A testimony from Greece Reviewed by Momizat on . «My name is Gerry, I am 36 years old and I live in Corfu, in Greece. Here in our country the situation is critical: now we can't do the lifestyle of few years a «My name is Gerry, I am 36 years old and I live in Corfu, in Greece. Here in our country the situation is critical: now we can't do the lifestyle of few years a Rating:
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A testimony from Greece

Una testimonianza dalla grecia

«My name is Gerry, I am 36 years old and I live in Corfu, in Greece. Here in our country the situation is critical: now we can’t do the lifestyle of few years ago by austerity measures, the unemployment has been above 20% and is increasing the number of homeless.
The middle class no longer exists, there are only the super rich tax evaders with offshore accounts and the lower class that strives to pay additional taxes. The worst thing is that now there is no hope in young people and the atmosphere is very dark. These are facts that affect the whole population, with the new austerity measures recently approved it goes from bad to worse. Just think of the pay cut at least 20%.»

I read about what’s new austerity plan, but why the government does not make a serious fight against tax evasion affecting especially those who have money abroad?

«Since the money of these people is not situated in Greek banks, the government can’t do much (or maybe they just don’t want). So much so that then to pay taxes are the small businesses, the public sector and private sector.
But more disconcerting is the fact that the EU has no interest in tracking down the offshore accounts because they are precisely the companies that evade to do business with companies and industries in Germany and UK.
It’s easy to blame the workers in the public or to the Greeks who do not pay taxes, but the problem has deep roots in the euro area and in the financial constitution.»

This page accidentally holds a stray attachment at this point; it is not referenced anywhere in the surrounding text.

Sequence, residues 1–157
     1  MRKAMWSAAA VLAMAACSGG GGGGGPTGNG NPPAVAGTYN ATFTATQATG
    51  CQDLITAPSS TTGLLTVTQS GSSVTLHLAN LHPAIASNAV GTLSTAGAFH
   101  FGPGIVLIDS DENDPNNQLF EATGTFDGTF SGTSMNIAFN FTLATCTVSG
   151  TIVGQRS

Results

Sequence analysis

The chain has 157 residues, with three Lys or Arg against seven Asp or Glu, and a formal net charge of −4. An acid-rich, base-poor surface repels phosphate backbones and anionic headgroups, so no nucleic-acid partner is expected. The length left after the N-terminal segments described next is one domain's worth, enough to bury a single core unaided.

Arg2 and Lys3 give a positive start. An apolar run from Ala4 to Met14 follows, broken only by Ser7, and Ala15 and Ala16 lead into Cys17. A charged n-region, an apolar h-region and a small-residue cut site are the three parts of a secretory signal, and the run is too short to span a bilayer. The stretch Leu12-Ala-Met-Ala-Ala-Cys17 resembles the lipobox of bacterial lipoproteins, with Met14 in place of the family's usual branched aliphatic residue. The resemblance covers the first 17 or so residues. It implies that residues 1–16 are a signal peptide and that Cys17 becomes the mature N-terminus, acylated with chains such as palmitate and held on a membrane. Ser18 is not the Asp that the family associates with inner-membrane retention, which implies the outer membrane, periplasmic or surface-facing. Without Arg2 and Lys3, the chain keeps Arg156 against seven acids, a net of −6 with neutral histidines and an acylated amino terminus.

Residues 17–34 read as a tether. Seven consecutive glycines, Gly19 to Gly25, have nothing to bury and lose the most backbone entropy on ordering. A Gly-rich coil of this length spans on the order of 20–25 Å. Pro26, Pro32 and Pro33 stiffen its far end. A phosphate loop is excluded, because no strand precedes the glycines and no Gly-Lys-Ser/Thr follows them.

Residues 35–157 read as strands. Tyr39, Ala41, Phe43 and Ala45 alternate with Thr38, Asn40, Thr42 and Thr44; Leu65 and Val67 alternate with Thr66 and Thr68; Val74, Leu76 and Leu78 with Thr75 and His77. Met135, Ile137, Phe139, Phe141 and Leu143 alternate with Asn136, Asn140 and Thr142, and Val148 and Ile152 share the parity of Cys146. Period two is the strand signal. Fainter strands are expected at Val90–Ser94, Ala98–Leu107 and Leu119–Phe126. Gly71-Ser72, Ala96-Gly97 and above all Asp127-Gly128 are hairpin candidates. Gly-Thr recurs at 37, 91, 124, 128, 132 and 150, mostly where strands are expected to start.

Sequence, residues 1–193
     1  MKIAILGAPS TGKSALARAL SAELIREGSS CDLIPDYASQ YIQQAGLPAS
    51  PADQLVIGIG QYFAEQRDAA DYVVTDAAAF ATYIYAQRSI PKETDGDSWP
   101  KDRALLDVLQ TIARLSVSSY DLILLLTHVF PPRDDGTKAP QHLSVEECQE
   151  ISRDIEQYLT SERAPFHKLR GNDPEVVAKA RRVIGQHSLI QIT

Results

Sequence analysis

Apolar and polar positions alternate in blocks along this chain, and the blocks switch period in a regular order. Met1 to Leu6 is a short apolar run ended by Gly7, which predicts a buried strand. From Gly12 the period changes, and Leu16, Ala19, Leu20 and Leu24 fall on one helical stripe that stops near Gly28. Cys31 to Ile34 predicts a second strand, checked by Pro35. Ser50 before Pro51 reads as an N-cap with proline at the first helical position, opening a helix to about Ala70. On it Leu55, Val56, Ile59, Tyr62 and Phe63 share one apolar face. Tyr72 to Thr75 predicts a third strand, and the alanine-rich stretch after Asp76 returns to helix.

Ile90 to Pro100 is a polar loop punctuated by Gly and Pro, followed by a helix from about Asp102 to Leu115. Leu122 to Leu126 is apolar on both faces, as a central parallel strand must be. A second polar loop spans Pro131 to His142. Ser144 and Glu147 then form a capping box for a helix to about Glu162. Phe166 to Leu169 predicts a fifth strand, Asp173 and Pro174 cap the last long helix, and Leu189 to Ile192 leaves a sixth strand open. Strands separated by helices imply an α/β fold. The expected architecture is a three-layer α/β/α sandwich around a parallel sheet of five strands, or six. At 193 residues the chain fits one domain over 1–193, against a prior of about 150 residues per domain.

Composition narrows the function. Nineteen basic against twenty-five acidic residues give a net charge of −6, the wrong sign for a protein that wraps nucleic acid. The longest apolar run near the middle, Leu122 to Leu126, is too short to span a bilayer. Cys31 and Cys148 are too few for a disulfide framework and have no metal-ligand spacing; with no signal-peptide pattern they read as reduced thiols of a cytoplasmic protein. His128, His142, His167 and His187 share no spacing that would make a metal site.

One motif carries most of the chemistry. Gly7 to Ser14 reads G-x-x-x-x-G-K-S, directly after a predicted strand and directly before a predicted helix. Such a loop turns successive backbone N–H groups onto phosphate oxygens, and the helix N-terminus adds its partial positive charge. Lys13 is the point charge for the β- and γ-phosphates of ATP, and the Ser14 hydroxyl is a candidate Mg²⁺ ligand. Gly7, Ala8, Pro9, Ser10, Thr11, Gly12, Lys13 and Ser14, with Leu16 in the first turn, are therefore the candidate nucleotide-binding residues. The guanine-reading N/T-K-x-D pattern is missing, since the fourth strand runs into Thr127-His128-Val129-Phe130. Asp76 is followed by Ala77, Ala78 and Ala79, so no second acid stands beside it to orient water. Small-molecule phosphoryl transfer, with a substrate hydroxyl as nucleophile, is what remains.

«I work in the private sector as a manager and my wife as an independent art restorer, so we have never been employees of the State. Over the past three years the Ministry of Culture refused to grant any contract. So now she works only for private clients and some churches. Now she earn 25% less than it earned a few years ago, although the fees and the cost of living (supermarkets, petrol, electricity, etc.) increased by at least 20%.»

And how do you think that the economy of Europe and Greece can restart? Do you think that Eurobonds are a possible solution or do you think the euro is going to disappear?

«The Eurobonds are only part of the solution obviously necessary. The issuance of Eurobonds will give an extra boost to the development, allowing you to restart the economy of countries in the Euro zone and to reduce unemployment through the “fresh money” in the markets entered, exactly as happened in the U.S.
The main EU treaties have to change, to include solidarity to all countries. Solidarity means that all countries have their share of profits and not just debts.
Of course I’m not an economic analyst, but it seems to serve only common sense to understand that the continuing austerity plans will not help the Greece to get back on his feet.»

Ψηφίζουν το θάνατο της Ελλάδας. Θέλω να τους κοιτάζω στα μάτια όταν θα ψηφίζουν.
They are voting for the death of greece. I want to look at them in the eyes when they will be voting.

Mikis Theodorakis

Gerry concludes…
«The Greeks, like Italians, are not as lazy as some stereotypes suggest. In reality, we work much more of our northern neighbors. We were the first to invent the culture and democracy, surely one day will restore both.»
Greetings from Corfu.
Gerry

Interview and translation by Phil.
Photo by blog.panorama.it
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